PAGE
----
Renal Arterial Doppler Study
Renal Artery Stenosis (RAS) is when the arteries supplying blood to the kidneys narrow down. The renal arteries bring oxygen-rich blood to your kidneys, helping them eliminate waste and excess fluid from your body.
RAS-related signs and symptoms include:
- Persisting high blood pressure (hypertension) despite taking timely medicines to reduce hypertension.
- Decreased or abnormal kidney function.
- Fluid retention in the body.
- Edema (swelling) in your ankles and feet in particular.
- Increased protein levels in the urine.
- Treatment-resistant heart failure.
- Bruit sound in your blood vessels.
Visit your doctor if you experience any unusual symptoms.
Your doctor can start with the following steps to diagnose renal artery stenosis:
- A physical examination to detect bruit sounds that indicate the narrowing of your kidney artery using a stethoscope.
- A review of medical history.
- Urine and blood analysis to assess how your kidney is functioning.
- Blood and urine tests to assess the hormone levels that influence blood pressure.
Causes of RAS include:
- A build-up of fatty substances and cholesterol.
- A less common cause- fibromuscular dysplasia.
Imaging tests to diagnose renal artery stenosis include:
- Doppler Ultrasound: The test uses high-frequency sound waves to enable your doctor to view the arteries and kidneys, examine their function, and detect the presence and severity of blockages in the blood vessels.
- CT Scan: Here, an X-ray machine connected to a computer creates detailed cross-sectional images of the renal arteries. A dye injection can be added to illustrate the blood flow.
- Magnetic Resonance Angiography (MRA): MRA creates comprehensive 3D images of the renal arteries and kidneys through radio waves and strong magnetic fields. A dye injection in the arteries can illustrate the blood vessels.
- Renal Arteriography: Through this kind of X-ray procedure, your doctor is able to detect the blockage in the renal arteries and occasionally unblock the narrowed section with a balloon or stent. Before the procedure, your doctor injects a dye into the renal arteries through a catheter to clearly show the arteries and blood flow.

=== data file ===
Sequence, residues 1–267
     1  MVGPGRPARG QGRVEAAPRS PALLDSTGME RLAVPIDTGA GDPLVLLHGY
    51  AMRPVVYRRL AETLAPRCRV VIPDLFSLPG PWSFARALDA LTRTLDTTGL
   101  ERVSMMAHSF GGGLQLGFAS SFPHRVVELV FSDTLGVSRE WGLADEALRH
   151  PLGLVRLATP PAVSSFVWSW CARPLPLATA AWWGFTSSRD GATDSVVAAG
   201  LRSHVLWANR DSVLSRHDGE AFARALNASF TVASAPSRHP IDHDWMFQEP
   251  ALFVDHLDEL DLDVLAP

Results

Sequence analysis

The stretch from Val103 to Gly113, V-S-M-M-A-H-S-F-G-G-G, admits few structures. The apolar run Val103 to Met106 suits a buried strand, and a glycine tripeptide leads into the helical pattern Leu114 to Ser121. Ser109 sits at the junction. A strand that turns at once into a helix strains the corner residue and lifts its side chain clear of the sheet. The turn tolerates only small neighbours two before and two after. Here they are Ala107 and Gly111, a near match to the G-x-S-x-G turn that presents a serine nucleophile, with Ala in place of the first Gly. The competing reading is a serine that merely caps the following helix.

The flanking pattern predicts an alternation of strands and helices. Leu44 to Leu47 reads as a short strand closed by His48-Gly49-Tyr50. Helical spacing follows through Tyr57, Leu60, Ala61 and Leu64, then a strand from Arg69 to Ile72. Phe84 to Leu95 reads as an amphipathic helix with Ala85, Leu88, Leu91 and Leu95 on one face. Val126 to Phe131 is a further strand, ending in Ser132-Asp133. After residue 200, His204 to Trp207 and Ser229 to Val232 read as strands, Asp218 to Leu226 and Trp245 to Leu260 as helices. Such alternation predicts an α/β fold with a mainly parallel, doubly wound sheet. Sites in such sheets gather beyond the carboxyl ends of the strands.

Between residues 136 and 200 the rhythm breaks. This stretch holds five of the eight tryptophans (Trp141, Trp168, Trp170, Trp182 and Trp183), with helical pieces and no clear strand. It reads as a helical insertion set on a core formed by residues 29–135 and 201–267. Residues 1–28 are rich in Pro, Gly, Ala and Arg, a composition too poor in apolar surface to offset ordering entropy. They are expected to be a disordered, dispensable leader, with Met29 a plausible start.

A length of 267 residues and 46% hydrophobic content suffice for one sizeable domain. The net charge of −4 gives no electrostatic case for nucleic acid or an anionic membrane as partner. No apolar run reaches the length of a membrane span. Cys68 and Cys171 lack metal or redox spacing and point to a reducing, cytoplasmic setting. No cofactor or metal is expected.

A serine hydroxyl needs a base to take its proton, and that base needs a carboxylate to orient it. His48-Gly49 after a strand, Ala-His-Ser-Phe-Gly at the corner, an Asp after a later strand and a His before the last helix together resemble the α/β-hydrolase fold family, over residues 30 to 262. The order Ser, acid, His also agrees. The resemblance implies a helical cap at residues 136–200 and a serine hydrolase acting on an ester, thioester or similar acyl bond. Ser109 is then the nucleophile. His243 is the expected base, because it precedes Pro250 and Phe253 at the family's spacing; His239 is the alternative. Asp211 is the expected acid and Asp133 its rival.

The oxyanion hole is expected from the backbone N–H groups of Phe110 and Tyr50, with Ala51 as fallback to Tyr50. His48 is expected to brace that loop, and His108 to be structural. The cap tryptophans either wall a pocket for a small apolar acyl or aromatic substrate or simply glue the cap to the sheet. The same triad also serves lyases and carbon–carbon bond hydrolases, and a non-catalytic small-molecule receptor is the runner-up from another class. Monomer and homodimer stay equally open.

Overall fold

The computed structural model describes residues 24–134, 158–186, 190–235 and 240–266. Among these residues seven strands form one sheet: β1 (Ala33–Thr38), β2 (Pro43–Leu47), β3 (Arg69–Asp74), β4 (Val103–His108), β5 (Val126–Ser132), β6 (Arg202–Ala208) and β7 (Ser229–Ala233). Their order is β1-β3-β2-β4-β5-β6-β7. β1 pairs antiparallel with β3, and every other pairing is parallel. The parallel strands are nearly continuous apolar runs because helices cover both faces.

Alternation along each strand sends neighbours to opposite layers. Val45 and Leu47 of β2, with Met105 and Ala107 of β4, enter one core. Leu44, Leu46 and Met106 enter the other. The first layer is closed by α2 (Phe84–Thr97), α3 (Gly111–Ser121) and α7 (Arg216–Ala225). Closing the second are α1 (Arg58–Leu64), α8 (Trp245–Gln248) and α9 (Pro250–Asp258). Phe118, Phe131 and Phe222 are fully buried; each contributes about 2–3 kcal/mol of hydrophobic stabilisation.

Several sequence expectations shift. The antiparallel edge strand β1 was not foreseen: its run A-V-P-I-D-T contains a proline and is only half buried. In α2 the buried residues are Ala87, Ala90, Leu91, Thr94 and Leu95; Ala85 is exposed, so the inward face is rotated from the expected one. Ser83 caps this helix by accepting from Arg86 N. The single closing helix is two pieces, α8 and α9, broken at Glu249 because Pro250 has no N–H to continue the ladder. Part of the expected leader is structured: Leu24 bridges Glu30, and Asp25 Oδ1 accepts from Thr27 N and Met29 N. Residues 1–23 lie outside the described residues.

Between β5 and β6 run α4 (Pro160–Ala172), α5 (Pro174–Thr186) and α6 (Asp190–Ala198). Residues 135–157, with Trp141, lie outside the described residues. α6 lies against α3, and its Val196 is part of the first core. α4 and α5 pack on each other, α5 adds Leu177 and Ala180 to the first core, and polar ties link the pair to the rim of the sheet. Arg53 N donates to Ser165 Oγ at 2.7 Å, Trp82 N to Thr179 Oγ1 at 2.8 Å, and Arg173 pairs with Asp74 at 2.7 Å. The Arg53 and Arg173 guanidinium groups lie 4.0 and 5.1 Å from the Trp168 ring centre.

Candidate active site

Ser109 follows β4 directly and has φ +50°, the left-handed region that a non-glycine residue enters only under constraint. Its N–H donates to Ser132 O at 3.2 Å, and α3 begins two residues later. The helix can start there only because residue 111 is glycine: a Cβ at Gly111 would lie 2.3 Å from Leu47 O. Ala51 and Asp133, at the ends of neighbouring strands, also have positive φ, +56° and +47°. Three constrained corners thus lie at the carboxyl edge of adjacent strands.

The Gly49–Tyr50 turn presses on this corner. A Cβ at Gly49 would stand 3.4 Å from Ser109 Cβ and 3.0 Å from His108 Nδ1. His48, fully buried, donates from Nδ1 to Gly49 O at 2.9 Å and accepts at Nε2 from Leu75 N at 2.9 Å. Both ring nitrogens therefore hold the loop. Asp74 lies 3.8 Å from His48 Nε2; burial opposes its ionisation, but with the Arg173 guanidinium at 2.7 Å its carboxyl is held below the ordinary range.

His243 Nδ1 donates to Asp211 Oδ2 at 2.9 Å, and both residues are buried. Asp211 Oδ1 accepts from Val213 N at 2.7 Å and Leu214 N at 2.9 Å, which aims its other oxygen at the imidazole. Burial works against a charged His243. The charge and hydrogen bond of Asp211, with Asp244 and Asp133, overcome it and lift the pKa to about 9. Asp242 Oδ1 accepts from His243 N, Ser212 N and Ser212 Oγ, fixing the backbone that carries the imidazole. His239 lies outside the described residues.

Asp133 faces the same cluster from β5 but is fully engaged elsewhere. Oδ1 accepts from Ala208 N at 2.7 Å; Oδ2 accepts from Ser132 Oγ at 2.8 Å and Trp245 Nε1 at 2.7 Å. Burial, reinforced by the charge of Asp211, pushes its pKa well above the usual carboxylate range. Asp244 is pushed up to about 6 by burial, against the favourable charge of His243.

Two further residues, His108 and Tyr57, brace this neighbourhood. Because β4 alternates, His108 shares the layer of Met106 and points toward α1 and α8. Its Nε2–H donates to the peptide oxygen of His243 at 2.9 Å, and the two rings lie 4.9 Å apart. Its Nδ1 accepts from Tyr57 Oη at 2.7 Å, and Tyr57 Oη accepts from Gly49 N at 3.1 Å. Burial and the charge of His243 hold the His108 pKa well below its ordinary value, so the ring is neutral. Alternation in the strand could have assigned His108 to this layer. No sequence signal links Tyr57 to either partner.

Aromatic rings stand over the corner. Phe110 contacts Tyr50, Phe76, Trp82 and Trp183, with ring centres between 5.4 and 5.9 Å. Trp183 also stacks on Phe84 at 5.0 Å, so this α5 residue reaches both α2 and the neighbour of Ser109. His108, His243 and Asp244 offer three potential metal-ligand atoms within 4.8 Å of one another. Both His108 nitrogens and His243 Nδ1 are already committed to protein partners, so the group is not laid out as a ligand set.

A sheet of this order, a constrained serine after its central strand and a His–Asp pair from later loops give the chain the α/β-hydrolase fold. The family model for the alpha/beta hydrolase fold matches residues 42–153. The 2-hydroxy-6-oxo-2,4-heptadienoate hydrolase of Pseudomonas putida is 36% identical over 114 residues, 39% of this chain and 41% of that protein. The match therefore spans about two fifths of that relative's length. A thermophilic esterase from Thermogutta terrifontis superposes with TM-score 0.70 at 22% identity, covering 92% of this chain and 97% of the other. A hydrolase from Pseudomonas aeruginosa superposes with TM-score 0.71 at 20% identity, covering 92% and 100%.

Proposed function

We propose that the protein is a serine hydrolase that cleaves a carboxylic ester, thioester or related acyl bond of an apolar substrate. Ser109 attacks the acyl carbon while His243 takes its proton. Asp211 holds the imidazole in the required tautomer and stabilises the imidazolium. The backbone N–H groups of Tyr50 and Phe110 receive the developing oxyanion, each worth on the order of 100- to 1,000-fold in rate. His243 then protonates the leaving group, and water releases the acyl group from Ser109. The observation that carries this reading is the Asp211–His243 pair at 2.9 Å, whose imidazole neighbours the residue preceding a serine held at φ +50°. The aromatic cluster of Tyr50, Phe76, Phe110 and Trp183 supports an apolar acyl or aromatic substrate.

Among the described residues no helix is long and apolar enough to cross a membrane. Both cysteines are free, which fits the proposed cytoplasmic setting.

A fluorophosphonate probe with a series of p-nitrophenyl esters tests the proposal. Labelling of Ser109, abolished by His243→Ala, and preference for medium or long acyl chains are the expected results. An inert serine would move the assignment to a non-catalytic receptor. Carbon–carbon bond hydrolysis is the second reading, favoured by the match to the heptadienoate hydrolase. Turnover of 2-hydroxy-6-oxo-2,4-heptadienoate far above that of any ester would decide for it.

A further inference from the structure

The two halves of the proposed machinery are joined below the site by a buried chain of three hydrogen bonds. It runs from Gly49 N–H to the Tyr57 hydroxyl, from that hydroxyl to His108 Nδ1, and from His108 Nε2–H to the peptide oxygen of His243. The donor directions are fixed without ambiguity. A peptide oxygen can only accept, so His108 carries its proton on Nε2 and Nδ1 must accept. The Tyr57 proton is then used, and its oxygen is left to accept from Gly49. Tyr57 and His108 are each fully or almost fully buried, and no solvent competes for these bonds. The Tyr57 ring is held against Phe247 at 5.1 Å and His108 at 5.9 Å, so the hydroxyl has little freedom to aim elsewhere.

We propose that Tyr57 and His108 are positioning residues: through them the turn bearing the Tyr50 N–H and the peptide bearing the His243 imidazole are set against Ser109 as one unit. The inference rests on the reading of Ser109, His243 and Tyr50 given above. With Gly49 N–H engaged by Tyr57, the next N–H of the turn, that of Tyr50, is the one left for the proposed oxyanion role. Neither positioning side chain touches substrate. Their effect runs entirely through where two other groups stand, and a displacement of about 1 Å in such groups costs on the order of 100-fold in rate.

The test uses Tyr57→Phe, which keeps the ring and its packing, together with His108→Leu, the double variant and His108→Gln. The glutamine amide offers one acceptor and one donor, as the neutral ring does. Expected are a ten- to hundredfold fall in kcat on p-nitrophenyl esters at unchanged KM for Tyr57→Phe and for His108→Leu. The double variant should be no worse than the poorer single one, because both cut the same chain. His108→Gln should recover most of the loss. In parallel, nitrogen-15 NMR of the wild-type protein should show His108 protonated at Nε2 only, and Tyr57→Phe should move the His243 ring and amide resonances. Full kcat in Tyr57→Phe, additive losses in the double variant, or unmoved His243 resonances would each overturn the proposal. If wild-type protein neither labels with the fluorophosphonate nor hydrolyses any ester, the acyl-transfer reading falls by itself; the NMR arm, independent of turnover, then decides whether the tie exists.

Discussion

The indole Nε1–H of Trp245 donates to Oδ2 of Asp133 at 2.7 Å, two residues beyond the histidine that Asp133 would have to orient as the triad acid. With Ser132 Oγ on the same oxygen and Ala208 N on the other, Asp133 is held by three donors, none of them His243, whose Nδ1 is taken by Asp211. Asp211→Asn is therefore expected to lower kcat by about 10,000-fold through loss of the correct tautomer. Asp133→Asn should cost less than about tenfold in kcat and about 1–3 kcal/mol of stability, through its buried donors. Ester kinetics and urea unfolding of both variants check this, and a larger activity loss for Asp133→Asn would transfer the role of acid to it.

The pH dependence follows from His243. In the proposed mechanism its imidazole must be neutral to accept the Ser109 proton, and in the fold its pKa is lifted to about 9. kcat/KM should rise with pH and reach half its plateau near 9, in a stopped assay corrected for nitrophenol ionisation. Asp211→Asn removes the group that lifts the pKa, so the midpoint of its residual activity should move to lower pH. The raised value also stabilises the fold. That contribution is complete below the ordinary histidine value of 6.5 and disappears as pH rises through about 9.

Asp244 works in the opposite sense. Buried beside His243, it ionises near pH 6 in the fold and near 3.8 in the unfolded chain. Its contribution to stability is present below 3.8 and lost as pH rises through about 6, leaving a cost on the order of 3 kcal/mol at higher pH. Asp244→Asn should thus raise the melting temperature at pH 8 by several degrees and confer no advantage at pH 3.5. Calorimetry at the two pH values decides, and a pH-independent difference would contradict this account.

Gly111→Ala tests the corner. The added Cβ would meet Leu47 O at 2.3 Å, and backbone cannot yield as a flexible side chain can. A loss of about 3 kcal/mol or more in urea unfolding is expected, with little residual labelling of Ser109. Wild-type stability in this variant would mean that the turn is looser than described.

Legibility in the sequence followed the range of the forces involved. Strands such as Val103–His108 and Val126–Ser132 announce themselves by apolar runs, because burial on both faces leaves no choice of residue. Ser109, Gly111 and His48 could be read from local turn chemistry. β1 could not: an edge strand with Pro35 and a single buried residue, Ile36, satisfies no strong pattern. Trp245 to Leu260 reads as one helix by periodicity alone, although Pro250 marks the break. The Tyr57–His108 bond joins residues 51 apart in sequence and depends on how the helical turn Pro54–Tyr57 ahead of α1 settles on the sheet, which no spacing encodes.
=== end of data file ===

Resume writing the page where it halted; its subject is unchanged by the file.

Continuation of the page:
Treatment for RAS can include lifestyle changes, medication, a procedure to restore blood flow to the kidneys, or a combination of treatments. These treatment methods include:
- Maintain a proper/healthy weight
- Avoid salt
- Quit smoking
- Minimize stress
- Moderate alcohol consumption
- Exercise regularly
- Angiotensin-converting enzyme (ACE) inhibitors and angiotensin II receptor blockers (ARBs)
- Diuretics, also known as water tablets
- Beta-blockers and alpha-beta-blockers
- Calcium channel blockers:
Your doctor can also prescribe aspirin and a cholesterol-lowering medicine in the case of atherosclerosis.
A procedure to restore blood flow through the renal artery and increase blood flow to the kidney may be prescribed for some individuals.
- Renal Angioplasty and Stenting: Keeps the vessel walls open and allows better blood flow.
- Bypass Renal Artery Surgery: Physicians graft a temporary blood vessel to the renal artery during a bypass operation. This will establish a new path for blood to enter the kidneys in case the angioplasty is unsuccessful.
Preparing for treatment
You may visit your general doctor, or you may be referred to a nephrologist or cardiologist.
If you need an affordable treatment of renal artery stenosis, contact us at North Atlanta Vascular and Vein Center. We provide high-quality treatments for vein diseases.
What can you do?
To prepare for treatment, you can:
- Write down all the symptoms
- List all the medications/supplements you take
- Share key medical information with your doctor
- Ask a family member or friend to accompany you
- Prepare a list of questions to ask
What to expect from your doctor?
Your doctor can ask the following questions:
- When did you begin to feel the signs symptoms?
- Are you a current or former smoker?
- Does something improve or worsen the symptoms?
- Have you measured your kidney function?
- Family history of high blood pressure or kidney failure